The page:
Life ‘gets in the way’ of talking

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A national survey of 2,000 parents, of children aged 0-11, has revealed that more than half of parents worry that they don't have the time to talk and communicate properly with their children, because life gets in the way.

The survey, by children’s charity, I CAN, found that almost four in ten parents agree that being a good communicator is the most important thing for a child to achieve. However, 50% of parents believe their children struggle to communicate and while parents were involved in a range of different play activities with their children, the most popular shared activity between parent and child was watching TV (73%), during which just one in ten parents felt this is where they communicated well with their child.

Wendy Lee, speech and language therapist said: “Parents are worried that their hectic schedules are making it difficult to find the time to develop their communication skills. They know just how important it is for their children to be good communicators.

“The answer is about making the most of the time we have with our children and focusing on the basic building blocks of communication – from developing vocabulary and building sentences to interacting and making friends."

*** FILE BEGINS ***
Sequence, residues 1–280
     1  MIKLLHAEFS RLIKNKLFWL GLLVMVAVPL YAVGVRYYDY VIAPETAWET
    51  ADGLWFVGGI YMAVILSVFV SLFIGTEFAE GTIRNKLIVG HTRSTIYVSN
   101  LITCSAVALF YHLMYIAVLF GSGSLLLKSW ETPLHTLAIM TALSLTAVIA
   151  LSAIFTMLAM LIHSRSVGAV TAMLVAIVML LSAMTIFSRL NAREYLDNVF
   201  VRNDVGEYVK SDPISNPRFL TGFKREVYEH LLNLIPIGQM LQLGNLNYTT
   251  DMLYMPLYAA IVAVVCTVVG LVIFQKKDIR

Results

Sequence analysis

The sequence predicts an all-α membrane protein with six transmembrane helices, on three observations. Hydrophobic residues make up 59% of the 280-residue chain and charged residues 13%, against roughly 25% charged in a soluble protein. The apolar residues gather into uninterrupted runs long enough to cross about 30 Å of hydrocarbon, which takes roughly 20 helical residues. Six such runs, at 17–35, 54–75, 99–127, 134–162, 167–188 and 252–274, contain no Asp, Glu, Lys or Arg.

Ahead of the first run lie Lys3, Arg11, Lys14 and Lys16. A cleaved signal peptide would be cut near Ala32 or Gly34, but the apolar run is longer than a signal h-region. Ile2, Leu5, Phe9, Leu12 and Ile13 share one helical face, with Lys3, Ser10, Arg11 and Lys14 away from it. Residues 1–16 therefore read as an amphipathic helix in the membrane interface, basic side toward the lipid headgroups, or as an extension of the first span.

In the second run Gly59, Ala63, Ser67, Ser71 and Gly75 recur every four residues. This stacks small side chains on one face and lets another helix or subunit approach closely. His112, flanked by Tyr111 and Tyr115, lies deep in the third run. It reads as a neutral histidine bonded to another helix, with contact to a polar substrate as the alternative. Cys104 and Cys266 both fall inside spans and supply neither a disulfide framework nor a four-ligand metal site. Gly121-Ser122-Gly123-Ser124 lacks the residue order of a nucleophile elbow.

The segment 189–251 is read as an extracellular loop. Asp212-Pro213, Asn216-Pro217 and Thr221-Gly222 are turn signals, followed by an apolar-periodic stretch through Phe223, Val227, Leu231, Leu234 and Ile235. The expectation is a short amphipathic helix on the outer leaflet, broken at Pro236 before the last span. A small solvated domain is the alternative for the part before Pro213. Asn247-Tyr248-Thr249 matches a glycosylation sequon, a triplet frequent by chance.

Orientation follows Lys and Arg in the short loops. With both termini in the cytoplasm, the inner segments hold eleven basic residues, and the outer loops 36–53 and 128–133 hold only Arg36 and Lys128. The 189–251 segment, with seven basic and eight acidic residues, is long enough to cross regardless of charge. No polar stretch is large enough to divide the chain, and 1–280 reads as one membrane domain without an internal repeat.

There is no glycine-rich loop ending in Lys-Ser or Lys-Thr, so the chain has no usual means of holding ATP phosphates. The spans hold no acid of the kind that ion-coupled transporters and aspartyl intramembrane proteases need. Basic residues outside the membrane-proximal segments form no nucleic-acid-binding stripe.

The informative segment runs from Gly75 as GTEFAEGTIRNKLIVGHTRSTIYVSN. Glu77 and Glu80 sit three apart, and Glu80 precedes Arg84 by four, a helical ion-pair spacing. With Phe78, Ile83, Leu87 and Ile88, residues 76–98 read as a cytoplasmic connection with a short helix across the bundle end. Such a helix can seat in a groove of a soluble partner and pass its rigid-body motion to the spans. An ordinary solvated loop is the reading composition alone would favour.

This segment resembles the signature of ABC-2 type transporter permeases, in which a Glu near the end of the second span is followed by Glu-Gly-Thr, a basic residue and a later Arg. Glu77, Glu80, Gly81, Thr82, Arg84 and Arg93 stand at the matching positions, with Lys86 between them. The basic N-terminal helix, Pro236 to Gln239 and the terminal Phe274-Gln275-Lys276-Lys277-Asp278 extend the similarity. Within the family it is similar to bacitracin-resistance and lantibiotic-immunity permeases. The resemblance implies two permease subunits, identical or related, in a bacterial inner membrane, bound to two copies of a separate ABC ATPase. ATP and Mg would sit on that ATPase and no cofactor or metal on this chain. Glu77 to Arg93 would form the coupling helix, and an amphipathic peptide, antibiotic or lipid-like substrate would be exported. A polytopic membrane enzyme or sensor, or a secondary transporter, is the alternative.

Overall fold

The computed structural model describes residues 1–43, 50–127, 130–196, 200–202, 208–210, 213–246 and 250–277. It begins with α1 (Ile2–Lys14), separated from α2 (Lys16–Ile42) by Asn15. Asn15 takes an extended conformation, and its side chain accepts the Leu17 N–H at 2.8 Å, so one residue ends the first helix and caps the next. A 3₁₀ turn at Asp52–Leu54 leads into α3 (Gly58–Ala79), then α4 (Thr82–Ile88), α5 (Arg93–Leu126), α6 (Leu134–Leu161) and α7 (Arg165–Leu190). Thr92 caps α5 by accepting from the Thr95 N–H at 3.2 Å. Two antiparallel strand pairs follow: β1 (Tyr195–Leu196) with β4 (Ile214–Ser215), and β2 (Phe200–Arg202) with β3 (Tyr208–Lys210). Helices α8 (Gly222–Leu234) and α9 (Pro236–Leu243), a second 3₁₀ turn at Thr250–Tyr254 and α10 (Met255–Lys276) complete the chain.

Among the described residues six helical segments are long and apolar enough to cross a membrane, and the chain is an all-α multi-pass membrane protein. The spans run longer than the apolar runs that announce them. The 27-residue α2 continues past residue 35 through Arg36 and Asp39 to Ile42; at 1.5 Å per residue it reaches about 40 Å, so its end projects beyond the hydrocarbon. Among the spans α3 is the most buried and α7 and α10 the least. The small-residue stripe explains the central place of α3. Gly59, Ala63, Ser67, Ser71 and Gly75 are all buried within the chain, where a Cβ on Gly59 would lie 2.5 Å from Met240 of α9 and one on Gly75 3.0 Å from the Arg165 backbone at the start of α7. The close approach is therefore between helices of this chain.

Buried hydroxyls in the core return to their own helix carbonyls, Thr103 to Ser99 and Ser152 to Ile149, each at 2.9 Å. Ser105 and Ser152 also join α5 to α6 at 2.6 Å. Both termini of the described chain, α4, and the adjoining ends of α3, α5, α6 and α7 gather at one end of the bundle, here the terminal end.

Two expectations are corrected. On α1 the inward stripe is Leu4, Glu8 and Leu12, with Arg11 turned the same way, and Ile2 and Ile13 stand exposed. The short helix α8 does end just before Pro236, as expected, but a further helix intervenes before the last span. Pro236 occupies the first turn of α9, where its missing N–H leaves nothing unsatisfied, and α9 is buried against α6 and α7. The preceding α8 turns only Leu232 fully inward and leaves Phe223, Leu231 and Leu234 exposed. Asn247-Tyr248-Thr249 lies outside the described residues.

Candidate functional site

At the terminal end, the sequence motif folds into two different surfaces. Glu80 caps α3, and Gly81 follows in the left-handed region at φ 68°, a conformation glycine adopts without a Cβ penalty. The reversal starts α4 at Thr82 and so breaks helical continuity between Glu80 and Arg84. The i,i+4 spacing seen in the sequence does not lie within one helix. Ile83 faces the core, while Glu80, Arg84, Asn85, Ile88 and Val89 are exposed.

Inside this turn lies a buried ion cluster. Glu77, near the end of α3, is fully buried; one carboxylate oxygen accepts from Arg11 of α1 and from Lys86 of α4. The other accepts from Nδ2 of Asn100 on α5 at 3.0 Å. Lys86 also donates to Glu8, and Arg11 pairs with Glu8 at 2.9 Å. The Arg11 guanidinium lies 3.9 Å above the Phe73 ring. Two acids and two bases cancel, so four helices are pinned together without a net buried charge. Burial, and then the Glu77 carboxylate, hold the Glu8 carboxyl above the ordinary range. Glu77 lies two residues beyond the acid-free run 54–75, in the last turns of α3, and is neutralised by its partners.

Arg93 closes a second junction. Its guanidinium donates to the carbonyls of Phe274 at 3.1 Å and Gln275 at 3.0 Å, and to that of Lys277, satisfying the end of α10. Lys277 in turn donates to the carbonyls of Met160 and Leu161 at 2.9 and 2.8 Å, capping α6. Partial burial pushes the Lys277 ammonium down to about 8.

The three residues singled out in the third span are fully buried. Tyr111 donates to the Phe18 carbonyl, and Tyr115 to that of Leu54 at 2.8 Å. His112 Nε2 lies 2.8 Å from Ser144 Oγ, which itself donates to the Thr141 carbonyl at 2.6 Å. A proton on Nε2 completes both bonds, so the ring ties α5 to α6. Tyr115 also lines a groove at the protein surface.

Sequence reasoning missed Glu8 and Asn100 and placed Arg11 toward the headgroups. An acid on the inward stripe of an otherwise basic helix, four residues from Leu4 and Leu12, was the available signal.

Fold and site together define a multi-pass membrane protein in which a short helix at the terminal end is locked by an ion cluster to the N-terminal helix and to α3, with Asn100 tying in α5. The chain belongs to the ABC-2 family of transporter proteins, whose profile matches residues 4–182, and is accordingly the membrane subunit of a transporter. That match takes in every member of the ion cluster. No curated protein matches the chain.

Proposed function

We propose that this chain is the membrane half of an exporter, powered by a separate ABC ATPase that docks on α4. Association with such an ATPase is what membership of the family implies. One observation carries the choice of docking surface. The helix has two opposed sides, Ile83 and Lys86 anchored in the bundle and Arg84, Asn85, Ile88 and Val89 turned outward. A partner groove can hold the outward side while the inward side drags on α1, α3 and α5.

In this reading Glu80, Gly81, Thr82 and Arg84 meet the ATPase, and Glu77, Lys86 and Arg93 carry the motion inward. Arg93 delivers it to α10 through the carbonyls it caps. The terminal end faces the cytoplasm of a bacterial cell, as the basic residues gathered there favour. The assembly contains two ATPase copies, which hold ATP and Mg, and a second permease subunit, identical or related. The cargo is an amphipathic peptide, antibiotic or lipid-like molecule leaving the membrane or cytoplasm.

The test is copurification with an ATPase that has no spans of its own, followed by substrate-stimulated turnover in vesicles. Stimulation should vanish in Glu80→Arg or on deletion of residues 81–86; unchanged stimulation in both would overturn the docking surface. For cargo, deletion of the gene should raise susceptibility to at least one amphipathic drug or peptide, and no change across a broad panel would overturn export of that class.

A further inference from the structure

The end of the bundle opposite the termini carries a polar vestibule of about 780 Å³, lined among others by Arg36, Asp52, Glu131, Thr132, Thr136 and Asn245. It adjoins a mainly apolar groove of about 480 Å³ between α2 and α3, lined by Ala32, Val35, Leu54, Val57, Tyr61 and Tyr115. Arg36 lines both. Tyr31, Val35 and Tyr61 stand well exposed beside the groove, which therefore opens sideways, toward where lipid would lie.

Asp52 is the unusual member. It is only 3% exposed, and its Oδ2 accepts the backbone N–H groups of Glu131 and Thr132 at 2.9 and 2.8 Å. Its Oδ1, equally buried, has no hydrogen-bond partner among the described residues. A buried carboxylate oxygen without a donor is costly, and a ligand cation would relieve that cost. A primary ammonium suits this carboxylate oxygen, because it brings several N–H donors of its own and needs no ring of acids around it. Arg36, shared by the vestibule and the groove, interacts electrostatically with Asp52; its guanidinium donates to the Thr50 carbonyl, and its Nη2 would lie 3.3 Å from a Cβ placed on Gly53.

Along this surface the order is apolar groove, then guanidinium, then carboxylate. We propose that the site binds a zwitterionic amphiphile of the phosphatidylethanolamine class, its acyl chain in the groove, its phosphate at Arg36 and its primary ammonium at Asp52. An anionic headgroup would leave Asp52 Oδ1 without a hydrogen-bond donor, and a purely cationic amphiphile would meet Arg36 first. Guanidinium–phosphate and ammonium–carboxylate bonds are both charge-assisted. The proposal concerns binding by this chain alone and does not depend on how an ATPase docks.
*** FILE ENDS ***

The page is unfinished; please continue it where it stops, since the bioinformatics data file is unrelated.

The survey, found that while the majority of parents (58%) understand the importance of interactive (two-way) communication, only 17% were aware of the importance of being able to use words and sentences. For those parents who felt their child struggled to communicate, the areas of most concern were vocabulary, sentences and ability to speak clearly (around 30% of parents in each group).

Additional findings from the survey:

  • Almost one in four parents (23%) believe time restrictions impacts the quality of the communication with their child at least once a day.
  • Almost six in ten (58%) parents believe good communication means having two-way, interactive communication with your child.
  • Parents rate boys’ ability to communicate as lower than girls, particularly when it comes to speaking in sentences.
  • 63% of parents believe that communication with their parents was worse than with their own child.
  • Singing and dancing, arts and crafts and imaginative play are more popular amongst parents with girls.